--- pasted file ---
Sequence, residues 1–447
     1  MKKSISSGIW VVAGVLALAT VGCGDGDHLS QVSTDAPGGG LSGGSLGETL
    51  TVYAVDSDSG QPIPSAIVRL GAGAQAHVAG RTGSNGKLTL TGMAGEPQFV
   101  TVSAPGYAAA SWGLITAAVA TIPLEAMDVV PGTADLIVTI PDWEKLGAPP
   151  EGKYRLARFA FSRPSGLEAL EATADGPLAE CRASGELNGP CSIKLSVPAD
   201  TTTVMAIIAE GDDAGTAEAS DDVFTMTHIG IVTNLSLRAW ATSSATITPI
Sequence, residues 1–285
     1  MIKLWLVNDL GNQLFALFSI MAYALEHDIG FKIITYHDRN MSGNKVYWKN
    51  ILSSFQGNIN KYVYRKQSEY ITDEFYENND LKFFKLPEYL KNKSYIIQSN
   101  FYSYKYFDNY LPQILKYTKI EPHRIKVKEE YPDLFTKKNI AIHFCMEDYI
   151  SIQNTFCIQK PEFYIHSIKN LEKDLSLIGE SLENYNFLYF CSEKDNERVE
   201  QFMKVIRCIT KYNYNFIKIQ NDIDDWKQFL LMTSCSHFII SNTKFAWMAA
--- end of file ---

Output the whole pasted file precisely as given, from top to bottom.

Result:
Sequence, residues 1–447
     1  MKKSISSGIW VVAGVLALAT VGCGDGDHLS QVSTDAPGGG LSGGSLGETL
    51  TVYAVDSDSG QPIPSAIVRL GAGAQAHVAG RTGSNGKLTL TGMAGEPQFV
   101  TVSAPGYAAA SWGLITAAVA TIPLEAMDVV PGTADLIVTI PDWEKLGAPP
   151  EGKYRLARFA FSRPSGLEAL EATADGPLAE CRASGELNGP CSIKLSVPAD
   201  TTTVMAIIAE GDDAGTAEAS DDVFTMTHIG IVTNLSLRAW ATSSATITPI
Sequence, residues 1–285
     1  MIKLWLVNDL GNQLFALFSI MAYALEHDIG FKIITYHDRN MSGNKVYWKN
    51  ILSSFQGNIN KYVYRKQSEY ITDEFYENND LKFFKLPEYL KNKSYIIQSN
   101  FYSYKYFDNY LPQILKYTKI EPHRIKVKEE YPDLFTKKNI AIHFCMEDYI
   151  SIQNTFCIQK PEFYIHSIKN LEKDLSLIGE SLENYNFLYF CSEKDNERVE
   201  QFMKVIRCIT KYNYNFIKIQ NDIDDWKQFL LMTSCSHFII SNTKFAWMAA